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How Climate Change Was Won

sun appears on a planet's horizon, illustration


November 14, 2170: A special report from Hervé Ngambé, science correspondent, The Chronicle Times, Schenkel station, Mare Erythraeum, Mars

The U.S. National Oceanic and Atmospheric Administration (NOAA) announced today that for the first time since 1988, atmospheric CO2 levels dipped below 350 parts per million. While few watch these figures now, historical records show this reality seemed impossible when humanity began taking climate change seriously in the 2020s. Thanks to some forward-thinking individuals and organizations, humanity largely avoided the worst-case 21st century predictions for weather, sea-level rise, and other catastrophes. This retrospective examines how the climate change war was won.

In the early 2020s, industry experts predicted it could take 100 years or longer—at an incalculable cost—to replace the fossil fuel infrastructure, and even then, deep decarbonization was not a guaranteed outcome. In the wealthiest countries, decoupling economies from fossil fuels required uncountable changes, while in the then-poor countries, population urbanization drove economic growth, quality of life, and energy use. Between 2020 and 2040, CO2 emissions increased 26%, almost exactly the 28% predicted by the energy industry. Temperatures rose, and arctic and Antarctic ice continued to melt.

Emissions from energy production were the root of the problem, but energy system changes—including emission caps, high carbon taxes, and fuel embargoes—proved very difficult. Added to the energy challenge, scientists on the International Panel on Climate Change determined that more than a thousand-billion tons of CO2 in the atmosphere and oceans had to be removed to achieve climate goals. "Climate anxiety" affected an entire generation. Despite protests and a multitude of grassroots and policy efforts, it was unclear how any individual or small group could affect large-scale systemic change. However, according to the annals of science, that is exactly what occurred.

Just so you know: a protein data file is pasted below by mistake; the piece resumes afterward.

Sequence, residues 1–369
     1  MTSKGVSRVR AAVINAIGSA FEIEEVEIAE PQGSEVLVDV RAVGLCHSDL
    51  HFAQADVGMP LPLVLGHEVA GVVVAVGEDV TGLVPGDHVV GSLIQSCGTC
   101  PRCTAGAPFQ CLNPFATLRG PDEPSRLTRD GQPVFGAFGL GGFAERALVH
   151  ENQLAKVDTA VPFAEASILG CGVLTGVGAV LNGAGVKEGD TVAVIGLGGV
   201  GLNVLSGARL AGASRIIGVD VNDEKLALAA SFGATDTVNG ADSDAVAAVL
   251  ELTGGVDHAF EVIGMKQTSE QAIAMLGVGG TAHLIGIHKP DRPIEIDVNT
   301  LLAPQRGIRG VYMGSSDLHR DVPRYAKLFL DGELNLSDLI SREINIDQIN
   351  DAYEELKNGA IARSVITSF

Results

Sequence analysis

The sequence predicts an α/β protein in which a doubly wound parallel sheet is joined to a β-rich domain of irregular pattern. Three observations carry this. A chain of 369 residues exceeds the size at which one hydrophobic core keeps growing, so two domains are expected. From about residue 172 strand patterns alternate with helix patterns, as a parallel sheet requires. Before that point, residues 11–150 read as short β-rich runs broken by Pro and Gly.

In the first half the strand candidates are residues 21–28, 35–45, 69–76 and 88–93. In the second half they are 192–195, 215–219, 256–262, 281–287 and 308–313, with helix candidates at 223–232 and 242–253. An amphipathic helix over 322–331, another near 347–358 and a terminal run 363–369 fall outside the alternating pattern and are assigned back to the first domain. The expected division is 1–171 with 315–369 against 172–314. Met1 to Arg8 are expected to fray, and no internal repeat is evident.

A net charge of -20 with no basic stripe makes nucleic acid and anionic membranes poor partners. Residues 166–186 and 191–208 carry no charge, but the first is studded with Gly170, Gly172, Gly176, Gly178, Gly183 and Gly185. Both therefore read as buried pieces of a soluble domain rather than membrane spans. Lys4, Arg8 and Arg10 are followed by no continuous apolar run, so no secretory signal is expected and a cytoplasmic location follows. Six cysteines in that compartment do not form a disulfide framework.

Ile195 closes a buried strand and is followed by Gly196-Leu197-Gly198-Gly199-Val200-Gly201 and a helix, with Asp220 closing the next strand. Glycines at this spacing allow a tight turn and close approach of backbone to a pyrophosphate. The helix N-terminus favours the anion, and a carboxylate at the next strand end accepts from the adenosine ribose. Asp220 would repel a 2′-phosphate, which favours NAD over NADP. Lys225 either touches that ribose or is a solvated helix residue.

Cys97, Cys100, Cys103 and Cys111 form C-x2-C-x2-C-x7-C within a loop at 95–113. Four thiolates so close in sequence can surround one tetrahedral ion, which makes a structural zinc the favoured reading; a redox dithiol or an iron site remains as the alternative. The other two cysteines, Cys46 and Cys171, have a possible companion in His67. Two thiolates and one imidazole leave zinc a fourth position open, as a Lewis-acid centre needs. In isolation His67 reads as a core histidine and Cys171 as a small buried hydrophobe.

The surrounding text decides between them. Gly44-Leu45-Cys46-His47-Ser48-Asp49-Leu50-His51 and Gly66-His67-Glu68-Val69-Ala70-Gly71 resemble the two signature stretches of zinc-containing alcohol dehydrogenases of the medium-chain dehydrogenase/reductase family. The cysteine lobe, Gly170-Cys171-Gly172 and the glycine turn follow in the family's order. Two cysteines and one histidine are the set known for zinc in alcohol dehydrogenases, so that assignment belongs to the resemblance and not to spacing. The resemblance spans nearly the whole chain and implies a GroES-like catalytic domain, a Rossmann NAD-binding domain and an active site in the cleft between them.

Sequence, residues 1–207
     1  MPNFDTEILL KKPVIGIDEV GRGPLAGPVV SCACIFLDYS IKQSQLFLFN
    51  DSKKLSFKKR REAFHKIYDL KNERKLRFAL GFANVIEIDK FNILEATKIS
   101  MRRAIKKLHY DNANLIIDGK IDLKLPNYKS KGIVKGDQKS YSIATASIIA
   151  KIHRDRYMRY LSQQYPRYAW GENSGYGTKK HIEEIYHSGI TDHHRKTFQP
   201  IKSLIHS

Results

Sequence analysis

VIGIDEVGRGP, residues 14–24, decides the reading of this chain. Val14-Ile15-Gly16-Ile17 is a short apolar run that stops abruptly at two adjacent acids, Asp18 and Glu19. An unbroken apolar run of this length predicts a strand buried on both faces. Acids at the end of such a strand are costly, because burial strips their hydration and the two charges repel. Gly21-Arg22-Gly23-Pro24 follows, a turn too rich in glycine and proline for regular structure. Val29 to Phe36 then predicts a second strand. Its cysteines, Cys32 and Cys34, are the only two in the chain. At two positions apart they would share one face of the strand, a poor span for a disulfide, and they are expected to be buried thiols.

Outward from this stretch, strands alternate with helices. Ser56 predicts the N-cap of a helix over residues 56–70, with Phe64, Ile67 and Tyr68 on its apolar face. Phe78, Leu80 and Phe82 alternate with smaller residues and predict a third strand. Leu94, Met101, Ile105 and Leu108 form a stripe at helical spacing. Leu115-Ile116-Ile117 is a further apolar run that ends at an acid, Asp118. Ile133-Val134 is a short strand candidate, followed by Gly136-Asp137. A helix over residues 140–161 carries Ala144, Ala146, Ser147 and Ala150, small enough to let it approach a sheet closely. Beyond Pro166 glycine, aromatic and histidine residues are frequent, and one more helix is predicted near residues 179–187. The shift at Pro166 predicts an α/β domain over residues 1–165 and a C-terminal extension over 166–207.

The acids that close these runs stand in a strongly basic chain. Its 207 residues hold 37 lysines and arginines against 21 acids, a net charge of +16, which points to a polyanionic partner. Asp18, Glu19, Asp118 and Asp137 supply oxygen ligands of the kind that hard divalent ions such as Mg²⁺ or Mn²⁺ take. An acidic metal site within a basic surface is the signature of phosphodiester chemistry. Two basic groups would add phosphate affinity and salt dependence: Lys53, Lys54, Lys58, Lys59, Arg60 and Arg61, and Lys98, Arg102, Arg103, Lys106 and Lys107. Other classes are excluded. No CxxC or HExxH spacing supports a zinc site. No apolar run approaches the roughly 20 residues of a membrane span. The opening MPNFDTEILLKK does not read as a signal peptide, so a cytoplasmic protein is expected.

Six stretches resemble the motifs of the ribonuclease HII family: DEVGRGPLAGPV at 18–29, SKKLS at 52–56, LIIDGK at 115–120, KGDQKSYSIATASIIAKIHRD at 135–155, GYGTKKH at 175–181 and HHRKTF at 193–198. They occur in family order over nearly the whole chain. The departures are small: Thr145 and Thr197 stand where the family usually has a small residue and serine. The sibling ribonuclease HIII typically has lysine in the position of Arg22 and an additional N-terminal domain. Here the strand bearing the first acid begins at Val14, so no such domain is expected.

In 2025, small collections of philanthropically funded research efforts in the fields of genetics, chemistry, physics, materials science, computing, and theoretical and experimental nuclear physics were asking the right questions. The 2029 Quantum Computing Revolution offered new tools for solving key problems they had identified, and the rest was history. The fruits of that pre-mainstream science investment grew into our prosperous yet low-environmental-impact economies, custom-genetics benefiting disease management and carbon-sequestration, and today's modern power sources.

The success pattern for these key research innovations included a potent combination of asking researchers the right questions combined with philanthropic funding of early-stage, cross-disciplinary science. Some truly interesting initial outcomes spurred mainstream government research funding, followed by public-private partnerships for development. Policy support helped drive economies of scale, and successes continued to materialize. The deployment of these new technologies at immense scale prosecuted the war on climate change over 130 years on three key fronts: reduced weather extremes, lower CO2 levels in the atmosphere, and carbon-free energy.

Weather extremes in 2036 decimated crops in South Australia, central California, and Fujian, followed by the "thousand-year" storms of 2038/2039 that wiped out New Orleans, Venice, parts of Bangladesh, and coastal Florida, along with a number of islands—including some belonging to technology billionaires. These crises triggered the adoption of the 2040 UN "Venice Accord" protocols, which allowed large-scale deployment of irradiance modification techniques, including low-impact chemical seeds for clouds and plankton-generated polymer mini-bubbles for the ocean surface. By 2058, planetary albedo control was achieved, after which temperature extremes and storms became less severe. While these practices ended many decades ago, they addressed the most urgent weather crises at the time.